Galleries adapt to the struggle of pandemic shutdown
Like much of the economy in Western North Carolina, art galleries in the region depend on tourism for survival. Just ask co-owner/manager of Twigs and Leaves, located in downtown Waynesville, Carrie Keith.
“We rely heavily on the tourism industry,” she said. “I am not sure how soon people will be comfortable with traveling, let alone when we are going to welcome them back with open arms. Even most half-timers, and the locals that come in most of the time are coming in because they’re bringing their guests that are visiting.”
Dr. Zella Hannum, co-proprietor of Gallery Zella in Bryson City, said, “I think the pandemic will serve to reduce the number of visitors to Bryson City for the rest of this year, perhaps maybe next year as well.”
While the shutdown has halted all travel and tourism for the time being, Keith expressed fear that the economic fallout from the shutdown would hinder tourism for a long time to come, with effects similar to the 2008 financial crisis.
“We’ve already been down this road one time, with the recession. I hope that it doesn’t last near as long as that did. I hope that we can come back faster. Spending really changed after the recession, the way that people spent. Very cautiously and not as impulsive,” said Keith.
Though galleries have to be closed to the public, many have adapted to processing online and telephone orders.
“The time I spend on sales has shifted to direct sales only. Before the governor’s shutdown order, I made private appointments with clients at the gallery and/or the person’s home or business. During the lockdown, I phone and email clients to facilitate artwork sales; then ship the art directly to our collectors. These custom orders during the pandemic have been a godsend and we are very grateful to our loyal clients” Hannum said.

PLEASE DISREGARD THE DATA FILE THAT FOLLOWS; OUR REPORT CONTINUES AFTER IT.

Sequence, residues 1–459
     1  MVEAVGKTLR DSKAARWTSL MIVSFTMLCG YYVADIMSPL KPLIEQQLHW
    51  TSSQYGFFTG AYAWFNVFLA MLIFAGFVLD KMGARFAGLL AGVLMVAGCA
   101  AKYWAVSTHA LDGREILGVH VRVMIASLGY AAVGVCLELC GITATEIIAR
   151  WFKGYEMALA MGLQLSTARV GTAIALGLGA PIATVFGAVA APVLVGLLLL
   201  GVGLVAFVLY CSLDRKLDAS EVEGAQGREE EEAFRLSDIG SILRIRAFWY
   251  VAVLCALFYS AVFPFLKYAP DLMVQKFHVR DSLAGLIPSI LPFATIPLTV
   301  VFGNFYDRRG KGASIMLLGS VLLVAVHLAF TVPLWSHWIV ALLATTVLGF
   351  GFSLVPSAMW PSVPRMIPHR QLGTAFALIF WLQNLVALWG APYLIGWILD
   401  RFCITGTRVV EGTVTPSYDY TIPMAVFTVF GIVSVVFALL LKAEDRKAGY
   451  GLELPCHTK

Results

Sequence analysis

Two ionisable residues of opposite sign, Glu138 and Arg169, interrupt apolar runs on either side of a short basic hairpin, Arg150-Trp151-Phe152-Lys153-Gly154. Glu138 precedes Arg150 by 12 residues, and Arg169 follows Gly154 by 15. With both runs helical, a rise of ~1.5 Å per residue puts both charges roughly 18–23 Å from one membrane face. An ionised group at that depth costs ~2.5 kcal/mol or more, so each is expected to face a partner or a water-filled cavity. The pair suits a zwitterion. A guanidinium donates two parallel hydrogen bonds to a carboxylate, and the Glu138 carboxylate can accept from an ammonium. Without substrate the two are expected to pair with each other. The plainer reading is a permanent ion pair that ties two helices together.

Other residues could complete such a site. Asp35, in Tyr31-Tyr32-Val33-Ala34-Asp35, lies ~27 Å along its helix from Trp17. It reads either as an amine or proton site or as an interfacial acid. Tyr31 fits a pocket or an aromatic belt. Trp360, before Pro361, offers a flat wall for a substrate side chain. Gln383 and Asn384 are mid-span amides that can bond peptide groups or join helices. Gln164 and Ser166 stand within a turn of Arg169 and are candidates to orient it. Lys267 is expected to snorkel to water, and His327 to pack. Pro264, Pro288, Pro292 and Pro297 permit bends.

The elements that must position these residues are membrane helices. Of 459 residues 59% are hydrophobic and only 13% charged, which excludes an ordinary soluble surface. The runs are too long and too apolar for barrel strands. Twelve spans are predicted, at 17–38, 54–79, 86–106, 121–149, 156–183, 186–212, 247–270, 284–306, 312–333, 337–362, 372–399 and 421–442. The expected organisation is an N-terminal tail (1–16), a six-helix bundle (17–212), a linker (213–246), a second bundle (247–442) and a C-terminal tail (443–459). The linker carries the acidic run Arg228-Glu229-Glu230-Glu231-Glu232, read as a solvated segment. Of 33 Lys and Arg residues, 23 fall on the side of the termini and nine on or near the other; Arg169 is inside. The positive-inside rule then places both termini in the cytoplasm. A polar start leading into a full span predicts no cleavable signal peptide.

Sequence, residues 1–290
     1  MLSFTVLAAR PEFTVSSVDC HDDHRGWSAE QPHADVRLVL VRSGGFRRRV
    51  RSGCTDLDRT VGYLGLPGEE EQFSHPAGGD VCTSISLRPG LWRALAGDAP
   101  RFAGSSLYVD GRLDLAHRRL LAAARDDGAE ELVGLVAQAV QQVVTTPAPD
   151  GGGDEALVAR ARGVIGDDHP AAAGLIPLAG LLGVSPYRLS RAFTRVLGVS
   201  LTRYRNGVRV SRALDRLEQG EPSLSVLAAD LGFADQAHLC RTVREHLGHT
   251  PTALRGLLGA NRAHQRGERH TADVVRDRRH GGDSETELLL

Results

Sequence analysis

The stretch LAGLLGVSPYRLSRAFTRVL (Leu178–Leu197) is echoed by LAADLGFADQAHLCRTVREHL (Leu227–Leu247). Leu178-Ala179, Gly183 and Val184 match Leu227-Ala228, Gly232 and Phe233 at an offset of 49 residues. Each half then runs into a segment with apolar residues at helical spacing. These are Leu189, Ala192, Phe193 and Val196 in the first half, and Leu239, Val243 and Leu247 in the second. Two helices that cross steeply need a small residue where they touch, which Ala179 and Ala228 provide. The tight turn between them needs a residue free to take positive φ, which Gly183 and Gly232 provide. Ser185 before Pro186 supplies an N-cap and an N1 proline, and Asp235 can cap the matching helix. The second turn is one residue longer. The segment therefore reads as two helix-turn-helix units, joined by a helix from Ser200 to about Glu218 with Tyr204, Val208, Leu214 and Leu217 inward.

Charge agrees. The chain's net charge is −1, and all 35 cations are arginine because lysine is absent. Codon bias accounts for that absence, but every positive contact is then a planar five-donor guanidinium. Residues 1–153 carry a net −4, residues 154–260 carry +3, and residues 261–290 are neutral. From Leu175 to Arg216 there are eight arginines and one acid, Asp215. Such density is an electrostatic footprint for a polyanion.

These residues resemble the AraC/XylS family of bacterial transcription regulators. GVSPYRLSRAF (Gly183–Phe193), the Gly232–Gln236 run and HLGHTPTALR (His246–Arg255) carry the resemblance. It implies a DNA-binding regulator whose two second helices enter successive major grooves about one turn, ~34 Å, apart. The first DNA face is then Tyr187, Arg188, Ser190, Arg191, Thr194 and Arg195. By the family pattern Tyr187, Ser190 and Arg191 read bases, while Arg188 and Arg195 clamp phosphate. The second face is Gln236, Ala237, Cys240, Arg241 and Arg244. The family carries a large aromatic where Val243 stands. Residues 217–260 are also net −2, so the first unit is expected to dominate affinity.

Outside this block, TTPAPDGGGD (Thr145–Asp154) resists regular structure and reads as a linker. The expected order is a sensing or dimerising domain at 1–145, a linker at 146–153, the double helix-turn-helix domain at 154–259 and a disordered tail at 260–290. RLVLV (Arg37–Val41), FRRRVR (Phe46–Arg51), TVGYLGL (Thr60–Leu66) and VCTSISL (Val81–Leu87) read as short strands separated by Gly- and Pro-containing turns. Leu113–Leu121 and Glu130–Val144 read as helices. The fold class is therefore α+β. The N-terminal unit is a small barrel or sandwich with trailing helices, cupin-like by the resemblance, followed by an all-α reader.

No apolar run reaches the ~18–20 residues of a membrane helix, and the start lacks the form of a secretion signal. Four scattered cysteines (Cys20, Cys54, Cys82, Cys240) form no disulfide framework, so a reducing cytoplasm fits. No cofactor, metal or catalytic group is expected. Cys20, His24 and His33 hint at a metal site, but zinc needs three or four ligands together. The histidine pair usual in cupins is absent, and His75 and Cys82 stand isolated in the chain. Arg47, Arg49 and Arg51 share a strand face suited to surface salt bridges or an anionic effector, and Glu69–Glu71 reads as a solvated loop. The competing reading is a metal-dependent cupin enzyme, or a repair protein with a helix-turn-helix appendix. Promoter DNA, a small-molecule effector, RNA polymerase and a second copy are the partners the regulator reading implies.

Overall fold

Of course, it is not only galleries and their staff that are having to adapt during the shutdown. Each gallery hosts and provides a platform for so many artists.
“I have 140 artists that need me to open,” said Keith.
At Gallery Zella, Hannum said that fortunately, none of their artists rely solely on income derived from the gallery.
“We did reach out to two of our best-selling artists who had drastic income drops due to art fair and show cancellations. We decided to purchase what we could to help them out. They really appreciated our loyalty,” she said.
As galleries look toward reopening, possibly within the first phase of the reopening plan proposed by Gov. Roy Cooper, keeping staff and customers safe is a priority. Keith said Twigs and Leaves would take precautions like masks, sanitizing thoroughly and limiting the number of people allowed in the gallery at one time.
Similarly, Hannum said she would look to successful neighbors in Bryson City like Walgreens and Ace Hardware.
“Encourage six-foot distance between customers, wear our own masks, install a plastic shield at the cash register and touchless credit card transactions. We have also freshened up our showrooms with new artwork,” she said.
Before the pandemic, Hannum said she could rely solely on foot traffic to sustain the gallery. Now, the future of gallery business may look different.
“We shall rely more on our website’s online store, private appointments, and direct selling,” she said.
Hannum said people would be surprised at how many folks have visited the gallery website, taken the virtual tour, and called for phone appointments during the pandemic.
“Passion for art nurtures the soul, especially now. And technology actually helps to keep this passion alive,” she said.
Keith sees bumps in the road for galleries as they move toward more online traffic. “Though we have an extensive website, online is made difficult because each piece of work in the gallery is unique. That is a daunting, full time task to maintain” she said.
These gallery owners are confident that the essential nature of art will ultimately bring their galleries back to life, even if the pace of that return is lacking. “I think the return of business is going to be a slow crawl, especially for galleries,” said Keith.
Gallery Zella has taken this time to slow down and reflect, something Hannum finds rewarding. She said the pandemic had given her a “month of Sundays.”
“I have had the time to analyze the gallery’s strengths and to institute changes that capitalize on these strengths. I have also taken time to strengthen relationships with our loyal collectors and artists. After all, our loyal collectors and artists are our ‘raison d’etre’ (reason to be),” she said.